deploy database revisions to our shared development environment
deploy the application to shared development
run code coverage using dotCover, which is bundled with TeamCity
run a code duplication detection tool
run the FitNesse test suite periodically
If you haven’t looked into the automation capabilities of a continuous integration tool, I suggest you do so.
Use transactions in unit tests to avoid causing side effects
As mentioned before, a number of our unit tests do not restore the database to its initial state, which creates timing dependencies in our test suite. Database transactions can solve this problem if the tests are batched inside a transaction. If the transaction is not committed, then the changes are never written to the database.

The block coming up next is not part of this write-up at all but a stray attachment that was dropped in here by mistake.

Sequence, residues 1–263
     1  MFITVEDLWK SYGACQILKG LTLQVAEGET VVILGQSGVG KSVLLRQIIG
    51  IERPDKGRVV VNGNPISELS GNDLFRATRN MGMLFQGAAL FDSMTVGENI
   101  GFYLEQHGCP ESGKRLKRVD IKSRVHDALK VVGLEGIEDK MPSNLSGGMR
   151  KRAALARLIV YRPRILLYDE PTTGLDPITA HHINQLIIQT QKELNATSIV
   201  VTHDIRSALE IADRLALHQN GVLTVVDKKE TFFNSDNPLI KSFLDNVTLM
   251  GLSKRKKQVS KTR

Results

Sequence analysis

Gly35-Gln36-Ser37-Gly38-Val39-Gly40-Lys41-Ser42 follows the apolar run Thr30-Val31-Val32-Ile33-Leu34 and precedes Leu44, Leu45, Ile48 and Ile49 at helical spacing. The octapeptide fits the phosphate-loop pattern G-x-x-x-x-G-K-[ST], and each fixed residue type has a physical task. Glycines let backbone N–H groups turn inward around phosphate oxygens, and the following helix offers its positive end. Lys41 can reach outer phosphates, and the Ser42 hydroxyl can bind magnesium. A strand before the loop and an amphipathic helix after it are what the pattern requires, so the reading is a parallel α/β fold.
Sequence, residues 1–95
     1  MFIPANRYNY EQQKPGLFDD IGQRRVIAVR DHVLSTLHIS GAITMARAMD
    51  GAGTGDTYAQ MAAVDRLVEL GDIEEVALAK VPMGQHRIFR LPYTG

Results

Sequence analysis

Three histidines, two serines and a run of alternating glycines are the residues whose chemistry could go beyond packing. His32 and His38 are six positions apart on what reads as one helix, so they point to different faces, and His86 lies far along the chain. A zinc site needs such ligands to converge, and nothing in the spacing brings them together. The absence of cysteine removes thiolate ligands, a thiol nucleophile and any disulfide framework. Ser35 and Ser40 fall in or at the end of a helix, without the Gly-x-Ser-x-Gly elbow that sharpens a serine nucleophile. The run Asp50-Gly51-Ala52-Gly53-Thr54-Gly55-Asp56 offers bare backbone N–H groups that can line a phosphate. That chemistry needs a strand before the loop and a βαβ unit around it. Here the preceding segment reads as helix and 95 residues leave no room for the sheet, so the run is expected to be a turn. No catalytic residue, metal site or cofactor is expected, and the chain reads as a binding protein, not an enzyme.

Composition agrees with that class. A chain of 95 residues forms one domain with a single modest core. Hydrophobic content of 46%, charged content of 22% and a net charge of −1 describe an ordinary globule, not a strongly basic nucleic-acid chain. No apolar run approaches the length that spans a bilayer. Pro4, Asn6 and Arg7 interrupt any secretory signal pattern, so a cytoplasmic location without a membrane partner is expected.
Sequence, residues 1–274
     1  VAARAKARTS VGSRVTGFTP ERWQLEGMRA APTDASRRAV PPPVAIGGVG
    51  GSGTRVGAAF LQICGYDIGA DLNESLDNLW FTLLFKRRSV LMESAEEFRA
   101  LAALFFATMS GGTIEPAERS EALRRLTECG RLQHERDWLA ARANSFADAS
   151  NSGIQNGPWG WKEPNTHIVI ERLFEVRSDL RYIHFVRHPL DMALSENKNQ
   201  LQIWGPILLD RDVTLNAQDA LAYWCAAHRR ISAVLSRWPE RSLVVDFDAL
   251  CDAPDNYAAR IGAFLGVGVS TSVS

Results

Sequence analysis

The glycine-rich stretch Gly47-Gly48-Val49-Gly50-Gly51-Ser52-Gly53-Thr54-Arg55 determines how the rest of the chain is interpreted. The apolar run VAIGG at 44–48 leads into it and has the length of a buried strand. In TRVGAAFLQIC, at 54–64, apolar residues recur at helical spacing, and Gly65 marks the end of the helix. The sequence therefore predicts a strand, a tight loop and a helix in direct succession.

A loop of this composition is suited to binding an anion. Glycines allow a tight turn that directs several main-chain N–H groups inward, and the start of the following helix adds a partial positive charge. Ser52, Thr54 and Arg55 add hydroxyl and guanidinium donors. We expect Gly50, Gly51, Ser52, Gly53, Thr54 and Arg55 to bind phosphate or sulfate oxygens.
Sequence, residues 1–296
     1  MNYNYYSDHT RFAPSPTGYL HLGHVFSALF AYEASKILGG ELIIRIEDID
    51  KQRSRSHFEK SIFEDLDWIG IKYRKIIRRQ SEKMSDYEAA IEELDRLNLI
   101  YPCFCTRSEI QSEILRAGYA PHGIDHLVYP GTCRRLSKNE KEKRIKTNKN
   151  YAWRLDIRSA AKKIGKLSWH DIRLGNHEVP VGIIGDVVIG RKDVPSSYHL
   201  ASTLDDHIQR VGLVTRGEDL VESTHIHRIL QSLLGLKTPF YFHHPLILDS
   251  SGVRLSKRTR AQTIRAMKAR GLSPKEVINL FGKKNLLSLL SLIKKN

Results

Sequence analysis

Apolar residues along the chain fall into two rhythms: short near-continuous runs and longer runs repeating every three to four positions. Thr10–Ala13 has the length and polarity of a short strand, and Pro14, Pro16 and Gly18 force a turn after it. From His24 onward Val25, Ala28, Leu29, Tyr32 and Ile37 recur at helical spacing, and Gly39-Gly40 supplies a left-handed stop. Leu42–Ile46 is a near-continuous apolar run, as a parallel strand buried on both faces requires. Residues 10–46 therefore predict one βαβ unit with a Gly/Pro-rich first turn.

A database testing framework like dbUnit does this automatically. I’ve done this manually in some cases, though I’ve found that writing tests by hand that read a value, update a value, then read it again in a single transaction can be tricky.
To avoid failures from bad data conditions, some of our older tests wipe the entire database clean and loading seed data from scratch. While effective, in a suite of a thousand tests, this is time-consuming and often is overkill! Worse, other tests don’t concern themselves with data setup at all and just expect the database to be in a certain state by the time they run!
When we encounter errant tests, we’ve been ensuring that the tests set up their own data and call appropriate clean-up scripts. Work includes getting subsequent tests to do their own data setup instead of relying upon the side effects of previous tests. Although it is slow, at least the tests are independent of each other. We also consider bundling the data setup of tests into feature sets, to reduce the number of times the data in the tables needs to be wiped and reloaded. If we decide to adopy dbUnit, we’ll use the list of poorest performing tests as a place to start.